The TCP/IP protocol identifies a computer on the network via a globally unique IP address. The TCP/IP protocol distinguishes between addresses that are local (on the same broadcast domain) and remote (accessed via a router) by dividing the entire Internet wide area network into smaller subnetworks. A TCP/IP subnetwork can either contain more subnetworks or may terminate at stations such as mobile computers, personal computers, workstations or printers.
A TCP/IP subnetwork mask is employed to determine if the destination IP address is that of either a local or a remote station in the following manner. Both the destination and source IP addresses are logically ANDed with the subnet mask. If the results of the operation are the same for both the destination and source IP addresses, then the source and destination stations are connected to the same broadcast domain and the destination station is a local station. Otherwise, the destination station is not connected to the same broadcast domain as the destination station and is a remote station. If the destination station is determined to be a local station, the source station determines the MAC address of the destination station and transmits the frame directly to the destination station via their common broadcast domain. If the destination station is determined to be a remote station, the source station will determine the MAC address of a default router (by which remote stations can be reached) and transmits the frame to the default router, which forwards it to the destination station via a routing network.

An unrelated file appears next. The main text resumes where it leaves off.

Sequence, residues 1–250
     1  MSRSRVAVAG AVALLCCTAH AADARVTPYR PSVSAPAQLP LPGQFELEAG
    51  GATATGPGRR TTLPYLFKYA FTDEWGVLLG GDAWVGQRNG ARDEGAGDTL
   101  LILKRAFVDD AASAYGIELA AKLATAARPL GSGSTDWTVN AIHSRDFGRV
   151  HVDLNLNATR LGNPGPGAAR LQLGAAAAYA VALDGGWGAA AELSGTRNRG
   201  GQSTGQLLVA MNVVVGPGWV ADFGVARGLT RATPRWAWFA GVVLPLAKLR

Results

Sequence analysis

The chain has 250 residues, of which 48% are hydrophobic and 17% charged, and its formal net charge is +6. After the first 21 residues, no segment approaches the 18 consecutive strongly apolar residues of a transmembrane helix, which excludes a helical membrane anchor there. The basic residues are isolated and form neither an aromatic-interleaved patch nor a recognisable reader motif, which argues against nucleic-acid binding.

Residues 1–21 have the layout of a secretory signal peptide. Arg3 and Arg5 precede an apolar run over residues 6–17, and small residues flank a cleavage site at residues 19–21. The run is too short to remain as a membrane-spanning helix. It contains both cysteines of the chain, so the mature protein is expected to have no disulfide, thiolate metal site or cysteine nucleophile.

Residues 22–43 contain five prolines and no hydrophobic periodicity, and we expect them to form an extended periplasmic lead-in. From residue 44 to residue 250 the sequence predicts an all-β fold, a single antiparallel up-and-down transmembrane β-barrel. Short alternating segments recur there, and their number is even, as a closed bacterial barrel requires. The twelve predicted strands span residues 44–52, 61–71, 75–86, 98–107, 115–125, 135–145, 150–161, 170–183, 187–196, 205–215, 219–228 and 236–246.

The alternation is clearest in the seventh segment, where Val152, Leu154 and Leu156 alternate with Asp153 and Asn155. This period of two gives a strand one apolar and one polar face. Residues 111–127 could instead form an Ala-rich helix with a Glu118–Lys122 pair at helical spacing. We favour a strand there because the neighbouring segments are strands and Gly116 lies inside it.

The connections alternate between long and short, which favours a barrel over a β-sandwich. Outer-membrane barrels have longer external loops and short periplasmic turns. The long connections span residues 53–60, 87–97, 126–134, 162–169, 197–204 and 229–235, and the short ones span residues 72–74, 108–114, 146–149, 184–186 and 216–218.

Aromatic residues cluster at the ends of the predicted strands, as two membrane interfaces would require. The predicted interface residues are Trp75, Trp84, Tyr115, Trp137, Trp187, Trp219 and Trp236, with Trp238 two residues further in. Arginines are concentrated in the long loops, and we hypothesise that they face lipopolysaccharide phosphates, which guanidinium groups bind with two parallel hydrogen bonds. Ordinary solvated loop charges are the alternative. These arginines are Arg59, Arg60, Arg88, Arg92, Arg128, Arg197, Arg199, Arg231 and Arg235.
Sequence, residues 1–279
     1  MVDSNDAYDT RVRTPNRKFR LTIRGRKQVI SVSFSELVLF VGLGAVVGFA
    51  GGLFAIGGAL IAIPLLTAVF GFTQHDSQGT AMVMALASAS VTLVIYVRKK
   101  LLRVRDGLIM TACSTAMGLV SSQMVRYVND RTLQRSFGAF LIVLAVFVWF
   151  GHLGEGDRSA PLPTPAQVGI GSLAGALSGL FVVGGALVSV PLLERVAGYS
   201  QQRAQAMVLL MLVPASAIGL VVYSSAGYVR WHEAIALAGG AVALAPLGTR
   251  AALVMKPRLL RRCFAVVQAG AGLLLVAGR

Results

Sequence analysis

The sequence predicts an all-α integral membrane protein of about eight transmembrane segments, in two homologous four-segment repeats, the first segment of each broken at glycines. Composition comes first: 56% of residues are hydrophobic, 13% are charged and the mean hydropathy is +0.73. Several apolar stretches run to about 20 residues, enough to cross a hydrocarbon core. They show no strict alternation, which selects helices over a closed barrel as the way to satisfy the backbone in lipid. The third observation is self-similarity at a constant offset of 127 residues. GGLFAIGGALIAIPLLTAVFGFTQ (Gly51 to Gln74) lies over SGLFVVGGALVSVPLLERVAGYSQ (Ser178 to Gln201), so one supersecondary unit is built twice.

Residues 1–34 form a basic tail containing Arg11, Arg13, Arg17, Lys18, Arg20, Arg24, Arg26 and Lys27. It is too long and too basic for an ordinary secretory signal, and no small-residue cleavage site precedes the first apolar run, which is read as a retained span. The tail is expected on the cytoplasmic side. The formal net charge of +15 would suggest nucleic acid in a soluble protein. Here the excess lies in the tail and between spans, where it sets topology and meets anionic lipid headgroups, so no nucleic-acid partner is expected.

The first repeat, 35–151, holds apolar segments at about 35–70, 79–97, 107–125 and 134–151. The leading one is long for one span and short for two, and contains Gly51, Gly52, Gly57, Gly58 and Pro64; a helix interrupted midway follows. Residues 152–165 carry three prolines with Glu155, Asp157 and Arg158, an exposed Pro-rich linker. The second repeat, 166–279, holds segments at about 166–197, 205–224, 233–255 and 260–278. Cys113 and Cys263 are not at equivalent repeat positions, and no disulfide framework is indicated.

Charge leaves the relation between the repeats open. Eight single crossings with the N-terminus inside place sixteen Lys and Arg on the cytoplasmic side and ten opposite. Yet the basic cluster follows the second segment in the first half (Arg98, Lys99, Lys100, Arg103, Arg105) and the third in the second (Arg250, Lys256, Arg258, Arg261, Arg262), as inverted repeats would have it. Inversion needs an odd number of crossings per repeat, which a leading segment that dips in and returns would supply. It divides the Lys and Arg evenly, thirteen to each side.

The ability to identify a computer on the network via a globally unique IP address allows the Internet to act as a global WAN. However, the IP was originally developed with an assumption that users are assigned to unique Internet addresses which would be connected to networks at essentially fixed locations: the IP address of a unit identifies the unit's point of attachment to the network. Datagrams are routed to the unit according to the location information contained in the IP header. However, if the mobile unit changes its point of attachment without changing its IP address, datagrams destined to it would become undeliverable. Further, if the unit changes its IP address when it moves to a new network, the unit would lose the connection. The limitation becomes intolerable for mobile units such as portable and hand-held computers migrating about the network.